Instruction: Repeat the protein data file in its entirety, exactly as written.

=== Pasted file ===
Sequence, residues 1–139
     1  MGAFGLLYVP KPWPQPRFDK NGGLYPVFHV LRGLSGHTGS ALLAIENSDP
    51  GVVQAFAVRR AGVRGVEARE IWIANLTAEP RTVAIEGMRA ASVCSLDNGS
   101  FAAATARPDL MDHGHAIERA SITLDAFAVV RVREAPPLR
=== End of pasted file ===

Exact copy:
Sequence, residues 1–139
     1  MGAFGLLYVP KPWPQPRFDK NGGLYPVFHV LRGLSGHTGS ALLAIENSDP
    51  GVVQAFAVRR AGVRGVEARE IWIANLTAEP RTVAIEGMRA ASVCSLDNGS
   101  FAAATARPDL MDHGHAIERA SITLDAFAVV RVREAPPLR